TRENT REZNOR is a man who proves that computer
technology can be used to create and to dream. Just as many so—called Rock
bands in the 1990s have taken the pain, fears and joys of the Blues and reduced
them to the level of a marketing exercise, so Trent and his band Nine Inch
Nails have invaded the very fortress of the ‘90s and distilled the grey
effluent of cybernetics into a potion so dark, challenging and poisonous.
“I grew up in Eyrie, Pennsylvania,“ explains Reznor. “There was no
Underground scene as such, no college radio stations. So I got into generic
‘70s music. Kiss was my favourite band. It wasn‘t until later when I escaped
from there that I got into bands with a bit more integrity.“
Reznor and his Nails want to make people aware,
bleed on a generation who worship the plasticine notion of identikit mannequins
weened from the same PVC womb. Nine Inch Nails want you to listen.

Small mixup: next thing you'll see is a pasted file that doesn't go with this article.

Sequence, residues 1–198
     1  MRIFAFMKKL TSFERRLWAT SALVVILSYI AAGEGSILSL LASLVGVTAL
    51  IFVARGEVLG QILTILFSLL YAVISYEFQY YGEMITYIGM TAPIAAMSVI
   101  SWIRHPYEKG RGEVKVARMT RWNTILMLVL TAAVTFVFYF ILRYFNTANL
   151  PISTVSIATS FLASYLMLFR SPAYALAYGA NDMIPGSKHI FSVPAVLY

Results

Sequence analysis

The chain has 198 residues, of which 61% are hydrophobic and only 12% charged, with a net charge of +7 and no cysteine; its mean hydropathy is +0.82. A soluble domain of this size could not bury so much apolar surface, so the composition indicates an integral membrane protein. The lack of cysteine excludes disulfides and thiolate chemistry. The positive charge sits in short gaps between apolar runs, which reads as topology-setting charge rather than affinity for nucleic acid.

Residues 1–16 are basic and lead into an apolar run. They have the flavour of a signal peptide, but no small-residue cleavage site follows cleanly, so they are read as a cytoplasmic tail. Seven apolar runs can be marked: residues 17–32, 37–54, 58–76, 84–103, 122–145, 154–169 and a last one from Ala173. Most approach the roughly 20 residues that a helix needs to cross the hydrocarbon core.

“We are selling a product, I admit that. But
the idea is to put out something challenging, a record that might make people
say, ‘Hey, that‘s cool. Maybe what we‘re used to is a piece of shit!”
Reznor found that when “music and computers
meshed together in the early ‘80s“, suddenly he was given an opportunity to get
involved in creating an art form. Nine Inch Nails‘ debut album - very much his
own effort, titled ‘Pretty Hate Machine‘ — is the first fruit of his implantation.
It eschews the “macho Rock stance“ for an awareness of the intense ravages
within chromium cadavers. He offers a cyanide calypso, a cadence of Depeche
Mode, Ministry, Stockhausen and the MC5. It is as remarkable as it is
Nine Inch Nails (very much Reznor and transient
partners) are the embodiment of the true sexual nature of Rock music, of the
realism of self—destruction.
“We are not Guns n‘ Roses. We don‘t pretend to
do what they do. But we have a definite destructive edge.“
Believe. And learn to feel music again…